By Steve Elliott
A group which advocates legalizing marijuana said on Wednesday they've turned in more than enough signatures to qualify for an August ballot vote.
The Campaign to Regulate Marijuana in Alaska turned in more than 46,000 signatures, about 50 percent more than the roughly 30,000 needed, reports Niraj Chokshi at The Washington Post. If the Alaska Division of Elections approves the signatures, ballot language will be prepared.
The sponsors of the legalization initiative, modeled on Colorado's Amendment 64, said the next step will be to spread the word and garner support. "We'll be taking our message to the voters in lots of different ways," said Tim Hinterberger, one of the measure's three sponsors and a professor at the University of Alaska Anchorage's School of Medical Education.
"It's clear to everyone that prohibition is a failed policy," Hinterberger said. "The proposed initiative will take marijuana sales out of the underground market and put them in legitimate, taxpaying businesses."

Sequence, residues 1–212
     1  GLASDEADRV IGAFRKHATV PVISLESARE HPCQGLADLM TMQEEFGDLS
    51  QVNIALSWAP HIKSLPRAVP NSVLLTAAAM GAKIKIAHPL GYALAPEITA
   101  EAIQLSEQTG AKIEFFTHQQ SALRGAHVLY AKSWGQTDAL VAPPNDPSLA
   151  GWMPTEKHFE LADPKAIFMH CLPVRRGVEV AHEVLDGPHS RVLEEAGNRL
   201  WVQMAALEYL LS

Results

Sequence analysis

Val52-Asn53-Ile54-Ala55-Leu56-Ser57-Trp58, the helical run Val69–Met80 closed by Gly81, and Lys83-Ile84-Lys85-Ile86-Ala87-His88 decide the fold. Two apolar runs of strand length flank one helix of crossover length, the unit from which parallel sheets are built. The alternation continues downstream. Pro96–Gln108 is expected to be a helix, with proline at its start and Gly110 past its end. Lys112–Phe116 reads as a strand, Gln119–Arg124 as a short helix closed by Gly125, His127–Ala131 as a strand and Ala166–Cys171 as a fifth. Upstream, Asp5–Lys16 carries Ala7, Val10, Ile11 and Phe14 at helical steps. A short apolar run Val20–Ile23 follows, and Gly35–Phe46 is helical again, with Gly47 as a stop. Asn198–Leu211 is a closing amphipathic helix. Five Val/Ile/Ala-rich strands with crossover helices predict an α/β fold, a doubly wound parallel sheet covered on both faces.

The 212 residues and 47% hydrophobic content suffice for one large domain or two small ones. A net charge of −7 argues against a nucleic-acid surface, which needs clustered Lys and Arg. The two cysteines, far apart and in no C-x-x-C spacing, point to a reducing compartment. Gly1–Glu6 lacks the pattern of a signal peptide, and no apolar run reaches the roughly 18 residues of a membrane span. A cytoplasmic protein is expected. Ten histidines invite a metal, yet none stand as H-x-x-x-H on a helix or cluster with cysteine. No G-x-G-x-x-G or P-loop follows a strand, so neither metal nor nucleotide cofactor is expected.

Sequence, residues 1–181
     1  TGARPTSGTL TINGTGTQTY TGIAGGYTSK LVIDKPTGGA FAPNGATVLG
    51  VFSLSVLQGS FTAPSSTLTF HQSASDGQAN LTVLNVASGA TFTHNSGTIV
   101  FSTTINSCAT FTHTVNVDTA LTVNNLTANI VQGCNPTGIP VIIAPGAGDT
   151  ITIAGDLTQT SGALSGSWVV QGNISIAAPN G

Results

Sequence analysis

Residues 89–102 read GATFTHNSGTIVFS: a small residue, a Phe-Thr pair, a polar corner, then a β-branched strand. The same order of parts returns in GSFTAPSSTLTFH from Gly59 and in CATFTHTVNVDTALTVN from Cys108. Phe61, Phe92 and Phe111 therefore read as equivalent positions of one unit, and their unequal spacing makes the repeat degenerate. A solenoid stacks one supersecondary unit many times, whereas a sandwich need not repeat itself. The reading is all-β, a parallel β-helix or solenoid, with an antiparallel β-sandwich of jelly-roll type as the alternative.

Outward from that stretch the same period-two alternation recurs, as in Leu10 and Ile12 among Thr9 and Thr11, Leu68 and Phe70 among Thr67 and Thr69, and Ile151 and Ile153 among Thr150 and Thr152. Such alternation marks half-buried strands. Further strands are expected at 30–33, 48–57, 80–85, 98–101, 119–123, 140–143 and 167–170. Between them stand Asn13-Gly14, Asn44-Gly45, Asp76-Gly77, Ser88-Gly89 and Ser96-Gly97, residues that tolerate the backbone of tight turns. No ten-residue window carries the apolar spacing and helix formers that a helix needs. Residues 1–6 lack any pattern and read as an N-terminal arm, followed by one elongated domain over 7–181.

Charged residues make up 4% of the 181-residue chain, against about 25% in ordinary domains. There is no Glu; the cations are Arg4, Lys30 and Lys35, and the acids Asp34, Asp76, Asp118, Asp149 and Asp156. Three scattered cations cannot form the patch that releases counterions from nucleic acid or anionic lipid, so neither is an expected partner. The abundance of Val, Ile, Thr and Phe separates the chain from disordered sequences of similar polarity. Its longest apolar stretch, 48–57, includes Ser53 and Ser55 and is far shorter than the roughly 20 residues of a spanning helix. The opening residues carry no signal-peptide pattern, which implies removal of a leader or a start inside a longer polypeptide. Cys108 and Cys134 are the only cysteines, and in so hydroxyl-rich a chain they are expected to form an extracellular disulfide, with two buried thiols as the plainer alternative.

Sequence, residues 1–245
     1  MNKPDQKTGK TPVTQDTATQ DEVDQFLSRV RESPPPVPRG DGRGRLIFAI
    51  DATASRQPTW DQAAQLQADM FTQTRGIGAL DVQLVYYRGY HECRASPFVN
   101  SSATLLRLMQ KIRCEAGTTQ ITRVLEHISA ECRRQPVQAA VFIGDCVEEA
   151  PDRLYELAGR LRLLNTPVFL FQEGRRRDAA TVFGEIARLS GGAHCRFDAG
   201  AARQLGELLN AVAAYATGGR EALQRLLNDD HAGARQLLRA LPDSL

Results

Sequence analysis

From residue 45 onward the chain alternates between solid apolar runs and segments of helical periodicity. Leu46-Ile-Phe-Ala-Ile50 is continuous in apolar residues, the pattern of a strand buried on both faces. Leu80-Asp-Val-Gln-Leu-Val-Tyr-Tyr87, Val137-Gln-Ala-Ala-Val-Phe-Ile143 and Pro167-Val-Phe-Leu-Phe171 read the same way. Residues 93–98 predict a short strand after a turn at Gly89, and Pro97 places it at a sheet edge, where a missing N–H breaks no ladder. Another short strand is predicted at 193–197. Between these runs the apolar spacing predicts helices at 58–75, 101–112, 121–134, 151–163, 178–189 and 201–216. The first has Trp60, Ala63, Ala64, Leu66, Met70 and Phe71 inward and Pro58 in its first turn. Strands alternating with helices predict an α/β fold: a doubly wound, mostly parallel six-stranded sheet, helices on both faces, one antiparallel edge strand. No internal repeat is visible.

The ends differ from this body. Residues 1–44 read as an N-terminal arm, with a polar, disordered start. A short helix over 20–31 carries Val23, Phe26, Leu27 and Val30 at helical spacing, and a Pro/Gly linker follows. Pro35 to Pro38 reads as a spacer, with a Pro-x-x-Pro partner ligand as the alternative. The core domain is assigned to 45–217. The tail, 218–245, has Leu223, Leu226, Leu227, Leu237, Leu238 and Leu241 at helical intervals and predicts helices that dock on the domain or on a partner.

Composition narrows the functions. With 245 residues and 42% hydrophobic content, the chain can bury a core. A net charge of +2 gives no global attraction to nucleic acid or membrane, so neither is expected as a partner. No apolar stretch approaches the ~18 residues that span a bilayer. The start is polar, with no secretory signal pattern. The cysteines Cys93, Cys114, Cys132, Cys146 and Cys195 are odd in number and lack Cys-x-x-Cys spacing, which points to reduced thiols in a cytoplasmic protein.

"Replacing marijuana prohibition with a system of taxation and sensible regulation will bolster Alaska's economy by creating jobs and generating revenue for the state," Hinterberger said, reports Faith Karmi at CNN.
By Steve Elliott
Voters could get the chance next year to make Alaska the third state in the U.S. to legalize the recreational use of marijuana by adults 21 and older.
Cannabis advocates on Tuesday took the first step towards getting a legalization measure on the August 2014 primary ballot, report Rob Hotakainen and Lisa Demer at Anchorage Daily News. Three major sponsors of the measure filed their application with the lieutenant governor's office for an initiative petition along with signatures from what they said are at least 100 other supporters.
Tim Hinterberger, an associate professor at the University of Alaska Anchorage, leads the group. The other two main sponsors are Bill Parker and Mary Reff, according to Gail Fenumiai, state elections director.
The measure would legalize, tax and regulate marijuana sales and allow Alaskans to grow their own cannabis for personal use. It would allow the Legislature to create a Marijuana Control Board, but until that board was established, it would allow the Alcohol Beverage Control Board to regulate marijuana sales.
Adults 21 and older could legally possess up to one ounce of marijuana under the proposal. They'd be allowed to grow up to six cannabis plants, three of which could be mature.